Dell operations are also organized around three geographic regions. These include:
- Asia-Pacific and Japan, and
- Europe, Middle East, and Africa (EMEA).
In the United States, which is one of Dell’s premier markets, the Americas was further divided into three sub-regions: West, Central, and East.
The initiative was designed to limit the time Dell sales reps were spending on the road, with some having to drive over 150 miles to visit a single client.
Hierarchical leadership structure
Michael Dell is the founder, chairman, and CEO of Dell.
In 2016, the hierarchical leadership structure was altered after Dell acquired computer-storage corporation EMC for $67 billion. In the process, a new company called Dell Technologies was born, with 14 top executives reporting directly to Dell himself.
Some of the members of this executive group are in charge of Dell Technologies companies that run independently. These include Virtustream, VMware, and Secureworks.
Dell also has two COOs beneath him in addition to Chief Officers for customers, marketing, services, human resources, global sales, operations, and finance.
- Dell has a functional organizational structure with some degree of decentralization. This means functional departments share information, contribute ideas to the success of the organization and have some degree of decision-making power.
- Function-based groups are considered in the context of three business markets, with each market supported by functions from some or all groups. The company is also structured according to three broad geographic regions and three within the Americas to improve sales efficiency.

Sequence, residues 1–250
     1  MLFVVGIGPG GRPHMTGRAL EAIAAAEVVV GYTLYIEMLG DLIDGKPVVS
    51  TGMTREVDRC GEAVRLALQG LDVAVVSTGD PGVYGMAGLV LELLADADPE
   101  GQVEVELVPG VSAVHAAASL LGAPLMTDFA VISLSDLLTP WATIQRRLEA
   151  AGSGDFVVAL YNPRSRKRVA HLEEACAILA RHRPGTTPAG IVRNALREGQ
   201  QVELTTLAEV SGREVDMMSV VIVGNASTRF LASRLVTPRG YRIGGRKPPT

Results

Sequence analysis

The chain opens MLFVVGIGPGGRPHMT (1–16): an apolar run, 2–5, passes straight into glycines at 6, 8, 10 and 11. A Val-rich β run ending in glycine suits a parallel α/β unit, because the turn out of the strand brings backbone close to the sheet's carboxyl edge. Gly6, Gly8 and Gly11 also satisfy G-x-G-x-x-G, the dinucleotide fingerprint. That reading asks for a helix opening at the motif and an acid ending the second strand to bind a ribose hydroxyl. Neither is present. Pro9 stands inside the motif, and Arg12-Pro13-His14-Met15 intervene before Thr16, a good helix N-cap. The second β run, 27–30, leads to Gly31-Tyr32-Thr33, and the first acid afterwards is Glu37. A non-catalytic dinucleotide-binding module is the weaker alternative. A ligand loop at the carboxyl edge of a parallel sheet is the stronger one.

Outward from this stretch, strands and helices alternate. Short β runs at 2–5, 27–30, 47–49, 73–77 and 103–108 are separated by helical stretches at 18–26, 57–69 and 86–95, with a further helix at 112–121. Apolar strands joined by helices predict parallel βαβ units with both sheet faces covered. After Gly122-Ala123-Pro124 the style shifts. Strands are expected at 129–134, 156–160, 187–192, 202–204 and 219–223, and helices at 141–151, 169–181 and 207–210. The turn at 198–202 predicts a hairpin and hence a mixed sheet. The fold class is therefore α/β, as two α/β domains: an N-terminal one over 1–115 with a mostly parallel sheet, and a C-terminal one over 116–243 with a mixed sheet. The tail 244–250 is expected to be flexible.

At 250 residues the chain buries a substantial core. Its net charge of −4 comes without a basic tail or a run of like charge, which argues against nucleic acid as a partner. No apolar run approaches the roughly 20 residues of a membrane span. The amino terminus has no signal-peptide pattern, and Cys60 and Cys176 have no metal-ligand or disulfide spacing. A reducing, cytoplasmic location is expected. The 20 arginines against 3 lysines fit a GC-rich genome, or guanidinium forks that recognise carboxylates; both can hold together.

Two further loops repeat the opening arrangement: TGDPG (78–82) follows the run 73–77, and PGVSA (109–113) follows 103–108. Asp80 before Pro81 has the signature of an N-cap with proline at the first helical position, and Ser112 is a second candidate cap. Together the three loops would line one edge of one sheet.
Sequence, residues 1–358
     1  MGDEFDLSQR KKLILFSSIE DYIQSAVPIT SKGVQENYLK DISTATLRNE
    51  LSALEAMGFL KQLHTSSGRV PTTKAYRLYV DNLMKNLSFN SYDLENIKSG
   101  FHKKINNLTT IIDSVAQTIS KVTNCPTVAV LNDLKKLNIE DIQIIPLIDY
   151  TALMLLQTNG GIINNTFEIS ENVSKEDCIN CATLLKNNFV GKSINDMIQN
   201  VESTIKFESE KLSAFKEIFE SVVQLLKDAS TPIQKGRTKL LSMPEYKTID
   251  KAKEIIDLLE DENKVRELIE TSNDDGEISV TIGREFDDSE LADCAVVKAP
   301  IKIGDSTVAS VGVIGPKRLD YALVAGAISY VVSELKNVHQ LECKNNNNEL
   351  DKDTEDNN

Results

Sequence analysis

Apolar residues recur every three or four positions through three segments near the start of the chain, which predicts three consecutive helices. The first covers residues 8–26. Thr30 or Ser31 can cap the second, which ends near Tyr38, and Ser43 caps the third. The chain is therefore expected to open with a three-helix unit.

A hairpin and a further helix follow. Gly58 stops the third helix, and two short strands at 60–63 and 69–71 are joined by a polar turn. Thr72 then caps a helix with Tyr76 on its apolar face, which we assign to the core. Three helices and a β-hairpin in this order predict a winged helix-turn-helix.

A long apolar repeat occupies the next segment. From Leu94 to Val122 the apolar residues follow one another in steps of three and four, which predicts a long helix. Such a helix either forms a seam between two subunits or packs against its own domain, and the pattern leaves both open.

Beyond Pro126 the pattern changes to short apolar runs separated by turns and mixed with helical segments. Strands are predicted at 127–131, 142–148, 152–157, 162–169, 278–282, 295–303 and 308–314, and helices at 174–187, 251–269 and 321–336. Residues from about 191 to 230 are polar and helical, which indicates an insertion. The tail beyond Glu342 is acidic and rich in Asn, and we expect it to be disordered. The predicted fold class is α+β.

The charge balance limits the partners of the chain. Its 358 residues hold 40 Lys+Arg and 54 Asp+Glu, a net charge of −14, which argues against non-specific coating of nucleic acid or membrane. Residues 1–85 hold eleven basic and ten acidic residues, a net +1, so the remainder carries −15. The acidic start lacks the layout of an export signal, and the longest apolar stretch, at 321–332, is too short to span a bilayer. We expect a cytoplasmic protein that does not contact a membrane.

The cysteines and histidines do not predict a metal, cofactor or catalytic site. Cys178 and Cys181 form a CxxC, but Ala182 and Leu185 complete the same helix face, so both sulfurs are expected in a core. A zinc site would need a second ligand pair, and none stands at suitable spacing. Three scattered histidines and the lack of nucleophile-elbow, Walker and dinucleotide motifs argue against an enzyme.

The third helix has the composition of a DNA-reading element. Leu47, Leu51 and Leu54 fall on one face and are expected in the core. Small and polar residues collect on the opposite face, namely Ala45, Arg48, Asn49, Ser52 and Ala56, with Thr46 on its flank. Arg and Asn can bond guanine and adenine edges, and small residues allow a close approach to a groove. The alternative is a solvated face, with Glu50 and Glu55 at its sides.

- Dell’s leadership structure changed somewhat after it acquired Dell Technologies in 2016. Michael Dell returned to the CEO position with a cohort of 14 executives who report directly to him.
- Introduction to Dell: Dell is an American company known for selling PCs, servers, data storage devices, software, peripherals, and consumer electronics. It employs a direct-sales business model, offering made-to-order computers, and has expanded its focus to include analytics, cloud computing, and information security.
- Functional Organizational Structure with Decentralization: Dell employs a functional organizational structure with a level of decentralization. This structure allows functional departments to contribute ideas to the organization’s success and exercise some degree of decision-making autonomy.
- Decentralization History: In the past, Dell had highly fragmented information technology systems that contradicted its centralized functional group structure. To address this, the company developed the Information to Run the Business (IRB) system. This system provides managers with essential indicators for decision-making.
- Functional Groups and Markets: Dell’s function-based groups include product design, manufacturing, sales, service, and corporate systems. These groups are aligned with three business markets: relationship (enterprise clients), transaction (consumers and small businesses), and international/public (non-US markets, government, healthcare, education).
- Geographic Regions: Dell’s operations are organized into three geographic regions: Americas, Asia-Pacific and Japan, and Europe, Middle East, and Africa (EMEA). The Americas is further divided into sub-regions to enhance sales efficiency.
- Hierarchical Leadership Structure: Michael Dell is the founder, chairman, and CEO of Dell. After the acquisition of EMC, Dell Technologies was formed, and 14 top executives report directly to Michael Dell. Some of these executives manage independent Dell Technologies companies, including Virtustream, VMware, and Secureworks.
- COOs and Chief Officers: Dell’s leadership structure also includes two COOs and Chief Officers for various functions such as customers, marketing, services, human resources, global sales, operations, and finance.
Read Next: Organizational Structure.